Bashar Mahmoud


I started my Ph.D. in the School of Chemical and Process Engineering at the University of Leeds in 2015, after completing my M.Sc. and B.Eng. studies in the same school. Previous to my Ph.D. I worked as a Research Associate at the Kuwait Institute for Scientific Research (KISR), concentrating on Thermal Energy Storage (TES) for thermo-solar applications. Prior to that I worked as a Production Engineer at EQUATE (Joint Ventures - The DOW Chemical Company), and before that as a Gas Engineer at Kuwait Oil Company (KOC). My scientific motivations are based on my desire to become an independent researcher, who's willing to make a significant contribution to the global transition towards lower-carbon energy sources.

Research interests

My recent research focuses on developing novel types of molten salts with nanoparticles that can potentially be used as nano-heat-transfer and storage-fluid medium in solar thermal power plants. The intension is to improve the thermal property values of these salts, by doping them with minute concentration of metal-oxide nanoparticles. Special consideration will be given to assess the stability of embedded nanoparticles in the molten salt-base under agitation and repeated melting and solidification cycles, using appropriate diagnostic techniques developed at Leeds (Acoustic methods).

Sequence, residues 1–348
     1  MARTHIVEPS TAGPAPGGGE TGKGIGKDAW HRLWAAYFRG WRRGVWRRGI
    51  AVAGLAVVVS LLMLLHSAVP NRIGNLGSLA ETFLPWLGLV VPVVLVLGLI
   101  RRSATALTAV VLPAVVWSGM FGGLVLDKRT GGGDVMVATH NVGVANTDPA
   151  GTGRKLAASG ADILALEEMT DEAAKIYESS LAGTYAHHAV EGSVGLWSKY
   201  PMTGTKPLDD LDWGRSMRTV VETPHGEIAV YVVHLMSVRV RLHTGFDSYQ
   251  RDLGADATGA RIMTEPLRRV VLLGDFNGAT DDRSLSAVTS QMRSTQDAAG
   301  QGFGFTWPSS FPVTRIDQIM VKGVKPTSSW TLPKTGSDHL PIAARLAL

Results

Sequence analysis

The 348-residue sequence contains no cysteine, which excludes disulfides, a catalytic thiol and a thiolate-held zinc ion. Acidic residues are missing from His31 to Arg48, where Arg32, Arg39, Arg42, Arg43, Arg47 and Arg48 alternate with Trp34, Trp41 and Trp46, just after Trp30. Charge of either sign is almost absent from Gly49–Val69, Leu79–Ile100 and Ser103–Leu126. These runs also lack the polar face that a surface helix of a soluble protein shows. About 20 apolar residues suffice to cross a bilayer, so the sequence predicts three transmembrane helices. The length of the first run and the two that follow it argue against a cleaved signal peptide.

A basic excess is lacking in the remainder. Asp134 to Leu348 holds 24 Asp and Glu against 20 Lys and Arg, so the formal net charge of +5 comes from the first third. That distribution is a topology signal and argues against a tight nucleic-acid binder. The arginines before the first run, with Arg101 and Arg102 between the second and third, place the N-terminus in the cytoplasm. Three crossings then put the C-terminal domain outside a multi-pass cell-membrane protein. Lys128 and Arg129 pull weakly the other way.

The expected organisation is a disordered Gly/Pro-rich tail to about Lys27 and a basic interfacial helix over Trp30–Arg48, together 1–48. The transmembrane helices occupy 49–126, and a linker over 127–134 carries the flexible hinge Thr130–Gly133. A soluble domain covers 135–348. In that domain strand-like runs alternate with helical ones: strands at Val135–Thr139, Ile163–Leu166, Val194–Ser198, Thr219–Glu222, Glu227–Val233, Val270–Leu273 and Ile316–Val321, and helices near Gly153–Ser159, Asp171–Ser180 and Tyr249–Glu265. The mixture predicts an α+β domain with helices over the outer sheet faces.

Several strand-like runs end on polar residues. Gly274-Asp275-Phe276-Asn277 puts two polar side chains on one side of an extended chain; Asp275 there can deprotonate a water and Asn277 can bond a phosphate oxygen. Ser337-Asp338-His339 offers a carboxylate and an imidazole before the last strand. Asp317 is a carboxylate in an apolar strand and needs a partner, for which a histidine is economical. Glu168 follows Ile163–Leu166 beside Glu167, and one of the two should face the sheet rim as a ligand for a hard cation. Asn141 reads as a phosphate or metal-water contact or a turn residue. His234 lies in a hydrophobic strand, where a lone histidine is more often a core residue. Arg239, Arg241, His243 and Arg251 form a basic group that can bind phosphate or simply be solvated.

This innovative approach allows in-situ ultrasonic probes to be used to observe the dispersive properties of nanofluids, and to measure the changes of thermophysical properties of nanoparticle suspension via speed of sound variations. The study also aims to provide solutions to the challenges associated with the processing and transport of such nanofluid, whereby an advanced computational modelling and Direct Numerical Simulation (DNS) methods coupled to Lagrangian particle tracking is planned to be undertaken to study the hydro-transport phenomena of formulated nano-suspensions.

This would allow the prediction of nanoparticle aggregation, flow separation and profiles in different geometries of relevance, and hence their stability and flow properties. The overall aim of this research is to provide possible solutions to the challenges associated with the industrial use of nanofluids. Our approach of doing that is by combining the novel experimental development with the existing computational power. This in turn should lead to the provision of data and understanding that can be used for optimisation of the design, and operation of large-scale molten salt energy storage facilities, which are more Eco-friendly and cost-efficient.


  • M.Sc. Eng. (Distinction) Leeds (2013)
  • B.Eng. Chem (Hons) Leeds (2002)

Research groups and institutes

  • Energy Leeds
  • Institute of Process Research and Development
  • Institute of Thermofluids